eMarketer has published a timely post on the endurance limits of web users in relation to one of the lamest online ad formats know to man, aka the floating overlay.
By looking at data provided by Dynamic Logic, the firm found that the average person can tolerate two sucky ads per hour, before doing an Assault on Precinct 13 in the comfort of their own office. Doing a Rambo might be more appropriate...
Brands like Mini and BT continue to persist with these horrendous ads, which damage both advertiser and publisher brands. They are the very definition of selling out: publishers sell out their users, advertisers sell out their souls, and anybody earning a penny from the creation of these ads is selling our their common sense.
The Dynamic Logic research found that most people can put up with one to five ads per hour, though the long-term effects of these ads on the brain is not yet known.
I can never understand why these kinds of ads win the awards they do, or are featured in industry magazines positioned as ‘ad of the week’. Turns out that normally it is because senior advertising creatives are the predominant voice on these judging panels, or some ad agency ‘expert’ is in charge of choosing the ad of the week.
Just try asking a web user next time. Irritated people don’t tend to care too much for ‘dynamic creative’ or ‘swish execution’, much less the thoughts of misguided advertising people who can charge extra to create and buy these ad units. How about you stop winding people up, for a few extra quid? It's so short-sighted it hurts, or at least it will do.
Some 21% of respondents said that floating ads should never be displayed, even if the publisher isn’t charging for access to the content. These good-hearted people are the future, and I can’t help but agree with them.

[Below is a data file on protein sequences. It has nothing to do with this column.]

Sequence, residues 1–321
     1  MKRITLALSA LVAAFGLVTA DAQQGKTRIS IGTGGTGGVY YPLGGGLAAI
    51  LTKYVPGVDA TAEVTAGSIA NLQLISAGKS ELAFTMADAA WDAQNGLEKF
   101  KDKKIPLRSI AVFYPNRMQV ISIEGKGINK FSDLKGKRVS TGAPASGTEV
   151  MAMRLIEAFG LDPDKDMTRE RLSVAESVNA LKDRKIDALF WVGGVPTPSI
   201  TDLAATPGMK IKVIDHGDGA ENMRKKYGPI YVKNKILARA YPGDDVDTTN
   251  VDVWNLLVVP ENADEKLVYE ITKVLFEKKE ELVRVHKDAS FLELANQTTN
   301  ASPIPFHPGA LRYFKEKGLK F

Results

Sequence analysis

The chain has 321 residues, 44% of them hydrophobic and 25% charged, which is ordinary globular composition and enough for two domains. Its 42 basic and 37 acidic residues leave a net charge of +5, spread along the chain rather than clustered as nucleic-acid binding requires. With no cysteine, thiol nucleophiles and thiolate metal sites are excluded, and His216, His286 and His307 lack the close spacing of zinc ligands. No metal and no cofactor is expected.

In truth, the interstitial ad format is probably slightly lamer than the overlay, and is the sole reason why I never visit the Forbes, Information Week or CNET websites. You have to wonder why publishers still accept these hugely interruptive formats? And the tech publishers should really know better - I bet the journalists are appalled. Doesn’t it just seem like bucket scraping?
Actually, maybe it is bucket scraping. Is the online publishing industry really this badly off? Or is there some other reason for it?
Perhaps these ads are a worrying sign that publishers have not bothered to implement demographic / behavioural profiling strategies, to allow for targeting and segmentation somewhere down the line? Targeting helps boost response rates for advertisers, to allow publishers to command higher fees for their advertising inventory.
The other way of boosting ‘response’ rates is to generate clicks in error, by intruding on the user experience. You can do this by paying a premium to roll a ridiculous ad over whatever text the poor visitor is reading, and by making it difficult to locate the ‘close’ button. It’s pathetic, frankly, and it tells us that the people in charge of commissioning these ads don’t really understand what consumers want. Ads do not have to be annoying.
And if you don’t believe me then read the Dynamic Logic research again. The trend is that consumers increasingly hate these ads. It is a fact, unless you don't buy into the data, or have your eyes closed ever so tightly.
Some of these ads are admittedly better than others, but they all suck. Some may generate better levels of response than others, but who clicks these ads on purpose? Idiots do, but who else? And do you really want to pay extra to appeal to idiots? In any event, you shouldn’t be measuring engagement by looking at click rates, because everybody accidentally clicks on these lame ads from time to time. White space isn’t always what it appears to be.
With an advertising downturn looming, and a wider recession pretty much here, we may well see some high profile casualties in the publishing sector. Those that have been planning for the future during the past few years might make it out alive. The losers will be easy to spot: they’ll be the ones showing lots of intrusive ads in the dark months to come.